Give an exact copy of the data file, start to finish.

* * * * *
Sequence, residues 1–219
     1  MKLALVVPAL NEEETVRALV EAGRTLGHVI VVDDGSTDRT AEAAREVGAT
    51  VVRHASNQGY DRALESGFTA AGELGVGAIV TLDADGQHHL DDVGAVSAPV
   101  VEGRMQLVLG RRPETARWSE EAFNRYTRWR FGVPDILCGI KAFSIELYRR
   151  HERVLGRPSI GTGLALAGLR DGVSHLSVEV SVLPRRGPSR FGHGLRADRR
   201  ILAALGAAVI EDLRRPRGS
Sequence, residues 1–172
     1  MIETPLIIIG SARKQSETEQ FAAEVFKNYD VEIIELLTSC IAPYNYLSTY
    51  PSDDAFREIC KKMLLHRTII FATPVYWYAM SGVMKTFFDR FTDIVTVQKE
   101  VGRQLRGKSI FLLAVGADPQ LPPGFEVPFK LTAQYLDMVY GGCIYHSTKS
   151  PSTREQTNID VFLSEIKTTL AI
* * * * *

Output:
Sequence, residues 1–219
     1  MKLALVVPAL NEEETVRALV EAGRTLGHVI VVDDGSTDRT AEAAREVGAT
    51  VVRHASNQGY DRALESGFTA AGELGVGAIV TLDADGQHHL DDVGAVSAPV
   101  VEGRMQLVLG RRPETARWSE EAFNRYTRWR FGVPDILCGI KAFSIELYRR
   151  HERVLGRPSI GTGLALAGLR DGVSHLSVEV SVLPRRGPSR FGHGLRADRR
   201  ILAALGAAVI EDLRRPRGS
Sequence, residues 1–172
     1  MIETPLIIIG SARKQSETEQ FAAEVFKNYD VEIIELLTSC IAPYNYLSTY
    51  PSDDAFREIC KKMLLHRTII FATPVYWYAM SGVMKTFFDR FTDIVTVQKE
   101  VGRQLRGKSI FLLAVGADPQ LPPGFEVPFK LTAQYLDMVY GGCIYHSTKS
   151  PSTREQTNID VFLSEIKTTL AI